Bill Ayers' New York Times Op-Ed explains why he felt the need to steer clear of Election 2008's attempts to suck him in. He was being called a "domestic terrorist" and he was described as someone Obama was "palling around" with. But he saw no viable way to enter the discussion:
With the mainstream news media and the blogosphere caught in the pre-election excitement, I saw no viable path to a rational discussion. Rather than step clumsily into the sound-bite culture, I turned away whenever the microphones were thrust into my face. I sat it out.
Faced with a rhetorical infrastructure of speed, Ayers "sat it out." He saw no path to "rational discussion." I would not argue with Ayers on this one. I don't think there was a useful way for him to join the conversation. However, it raises some interesting questions: What are the ethical implications of sitting things out? If rational discussion is not an option, then how do we proceed? Do we attempt to slow down "sound-bite" culture, or do we develop new rhetorics?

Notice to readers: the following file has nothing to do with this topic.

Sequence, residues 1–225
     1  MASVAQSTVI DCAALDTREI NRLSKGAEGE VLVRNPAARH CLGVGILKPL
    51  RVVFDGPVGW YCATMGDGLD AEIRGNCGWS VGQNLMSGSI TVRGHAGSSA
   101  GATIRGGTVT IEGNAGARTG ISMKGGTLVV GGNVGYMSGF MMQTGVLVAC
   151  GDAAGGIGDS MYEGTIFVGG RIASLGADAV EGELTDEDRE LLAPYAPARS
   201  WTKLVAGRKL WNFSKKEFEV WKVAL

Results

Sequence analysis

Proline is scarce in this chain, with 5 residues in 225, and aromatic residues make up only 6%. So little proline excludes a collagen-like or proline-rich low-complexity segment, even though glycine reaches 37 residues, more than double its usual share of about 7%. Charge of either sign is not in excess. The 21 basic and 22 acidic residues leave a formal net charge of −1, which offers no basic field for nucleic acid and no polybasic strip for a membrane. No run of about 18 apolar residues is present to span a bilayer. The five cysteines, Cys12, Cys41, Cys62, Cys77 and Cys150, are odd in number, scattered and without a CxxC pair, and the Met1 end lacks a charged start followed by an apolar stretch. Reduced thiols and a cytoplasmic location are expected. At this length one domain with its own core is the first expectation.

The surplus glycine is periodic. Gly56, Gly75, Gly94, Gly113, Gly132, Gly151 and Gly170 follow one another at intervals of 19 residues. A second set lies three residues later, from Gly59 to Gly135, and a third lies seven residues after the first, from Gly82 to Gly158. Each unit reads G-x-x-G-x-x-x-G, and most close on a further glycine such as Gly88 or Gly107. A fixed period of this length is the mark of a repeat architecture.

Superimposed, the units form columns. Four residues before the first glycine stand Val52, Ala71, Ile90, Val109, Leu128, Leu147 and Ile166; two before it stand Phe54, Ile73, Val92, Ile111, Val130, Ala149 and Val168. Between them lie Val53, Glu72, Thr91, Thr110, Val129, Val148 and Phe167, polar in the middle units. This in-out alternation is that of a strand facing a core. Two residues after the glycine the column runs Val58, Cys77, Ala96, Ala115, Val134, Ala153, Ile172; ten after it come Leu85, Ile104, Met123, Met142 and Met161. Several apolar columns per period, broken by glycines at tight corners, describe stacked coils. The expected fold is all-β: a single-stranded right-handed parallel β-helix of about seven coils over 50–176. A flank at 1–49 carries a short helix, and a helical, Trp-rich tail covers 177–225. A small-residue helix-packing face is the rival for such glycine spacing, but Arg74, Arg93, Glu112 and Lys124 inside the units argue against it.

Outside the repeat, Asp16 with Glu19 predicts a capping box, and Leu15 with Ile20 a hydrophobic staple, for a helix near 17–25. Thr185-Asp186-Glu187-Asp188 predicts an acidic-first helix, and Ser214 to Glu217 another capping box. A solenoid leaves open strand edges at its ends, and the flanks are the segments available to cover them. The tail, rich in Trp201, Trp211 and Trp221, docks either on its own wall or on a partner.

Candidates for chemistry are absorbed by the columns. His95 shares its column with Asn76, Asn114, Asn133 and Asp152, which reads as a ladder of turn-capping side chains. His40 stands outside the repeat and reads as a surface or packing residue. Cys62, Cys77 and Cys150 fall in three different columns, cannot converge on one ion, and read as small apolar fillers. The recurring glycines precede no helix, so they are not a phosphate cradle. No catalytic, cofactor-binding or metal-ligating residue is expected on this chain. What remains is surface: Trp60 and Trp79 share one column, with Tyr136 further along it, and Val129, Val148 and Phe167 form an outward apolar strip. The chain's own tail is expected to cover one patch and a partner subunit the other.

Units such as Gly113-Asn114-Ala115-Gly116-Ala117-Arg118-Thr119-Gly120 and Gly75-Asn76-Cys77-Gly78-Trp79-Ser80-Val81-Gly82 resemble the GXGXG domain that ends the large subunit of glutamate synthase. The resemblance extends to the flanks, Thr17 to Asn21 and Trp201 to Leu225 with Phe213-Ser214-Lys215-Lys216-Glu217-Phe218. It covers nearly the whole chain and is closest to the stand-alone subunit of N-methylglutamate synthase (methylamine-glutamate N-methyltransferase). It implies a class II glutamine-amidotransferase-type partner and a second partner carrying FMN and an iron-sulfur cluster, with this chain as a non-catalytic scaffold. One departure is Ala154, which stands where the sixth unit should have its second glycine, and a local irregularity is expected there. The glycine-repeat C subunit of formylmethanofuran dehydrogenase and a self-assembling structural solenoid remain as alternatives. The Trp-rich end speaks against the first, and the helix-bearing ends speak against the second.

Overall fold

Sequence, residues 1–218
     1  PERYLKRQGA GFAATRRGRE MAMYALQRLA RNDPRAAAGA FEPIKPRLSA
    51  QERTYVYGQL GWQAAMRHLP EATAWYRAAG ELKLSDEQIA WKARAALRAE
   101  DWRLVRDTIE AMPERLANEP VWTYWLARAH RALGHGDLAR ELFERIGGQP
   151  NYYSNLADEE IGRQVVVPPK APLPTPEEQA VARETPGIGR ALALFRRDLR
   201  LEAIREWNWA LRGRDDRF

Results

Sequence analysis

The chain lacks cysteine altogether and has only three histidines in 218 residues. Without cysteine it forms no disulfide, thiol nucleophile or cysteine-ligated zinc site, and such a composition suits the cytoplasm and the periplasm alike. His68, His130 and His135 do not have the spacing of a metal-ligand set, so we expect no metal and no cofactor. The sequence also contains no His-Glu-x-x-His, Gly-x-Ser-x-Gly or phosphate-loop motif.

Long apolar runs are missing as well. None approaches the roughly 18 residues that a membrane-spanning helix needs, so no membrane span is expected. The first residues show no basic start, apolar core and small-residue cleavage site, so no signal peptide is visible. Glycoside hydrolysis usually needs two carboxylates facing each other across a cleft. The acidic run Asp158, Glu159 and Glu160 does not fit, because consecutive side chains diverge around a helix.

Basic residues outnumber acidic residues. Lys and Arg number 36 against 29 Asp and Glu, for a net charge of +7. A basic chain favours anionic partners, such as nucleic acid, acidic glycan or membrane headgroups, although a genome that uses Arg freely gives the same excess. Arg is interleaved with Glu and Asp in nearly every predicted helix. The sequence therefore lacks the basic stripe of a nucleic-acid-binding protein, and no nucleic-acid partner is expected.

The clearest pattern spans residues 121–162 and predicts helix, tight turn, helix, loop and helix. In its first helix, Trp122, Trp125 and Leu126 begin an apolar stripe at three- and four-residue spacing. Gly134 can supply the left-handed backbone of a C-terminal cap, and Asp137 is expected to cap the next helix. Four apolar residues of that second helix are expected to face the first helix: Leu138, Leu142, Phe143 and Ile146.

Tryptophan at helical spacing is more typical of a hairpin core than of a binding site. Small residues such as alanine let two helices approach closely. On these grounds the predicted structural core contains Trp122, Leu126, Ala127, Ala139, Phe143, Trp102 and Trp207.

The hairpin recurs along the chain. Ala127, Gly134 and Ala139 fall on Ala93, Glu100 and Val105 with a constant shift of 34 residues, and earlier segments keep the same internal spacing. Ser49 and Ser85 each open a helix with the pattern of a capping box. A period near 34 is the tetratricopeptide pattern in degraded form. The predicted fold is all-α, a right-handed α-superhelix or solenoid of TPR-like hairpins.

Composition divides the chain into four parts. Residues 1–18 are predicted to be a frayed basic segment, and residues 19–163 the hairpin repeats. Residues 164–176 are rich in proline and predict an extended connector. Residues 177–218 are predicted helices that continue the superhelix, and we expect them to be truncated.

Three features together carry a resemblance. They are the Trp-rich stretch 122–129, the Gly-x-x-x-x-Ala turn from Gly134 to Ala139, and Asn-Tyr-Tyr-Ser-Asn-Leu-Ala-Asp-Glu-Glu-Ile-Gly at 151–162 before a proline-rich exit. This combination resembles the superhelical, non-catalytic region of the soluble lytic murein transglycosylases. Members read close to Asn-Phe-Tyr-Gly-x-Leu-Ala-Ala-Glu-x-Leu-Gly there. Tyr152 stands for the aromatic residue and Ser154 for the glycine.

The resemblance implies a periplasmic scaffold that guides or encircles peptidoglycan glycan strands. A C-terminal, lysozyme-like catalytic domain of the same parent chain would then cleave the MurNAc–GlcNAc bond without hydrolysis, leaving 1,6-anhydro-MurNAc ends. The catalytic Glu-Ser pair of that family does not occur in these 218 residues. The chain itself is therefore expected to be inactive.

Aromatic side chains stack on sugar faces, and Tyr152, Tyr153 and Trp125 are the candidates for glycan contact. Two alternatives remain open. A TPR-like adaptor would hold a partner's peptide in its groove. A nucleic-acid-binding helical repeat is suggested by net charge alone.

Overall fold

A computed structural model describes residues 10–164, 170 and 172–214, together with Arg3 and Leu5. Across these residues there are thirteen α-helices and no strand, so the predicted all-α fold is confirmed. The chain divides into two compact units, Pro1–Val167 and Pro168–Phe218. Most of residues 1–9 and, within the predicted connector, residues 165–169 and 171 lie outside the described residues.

I have no real answers to these questions, but they interest me. I'm hoping to address some of this in my 4C's presentation, but I'd be interested to hear others' thoughts. What other rhetorical options were available to Ayers?
Thanks to Matt for the link.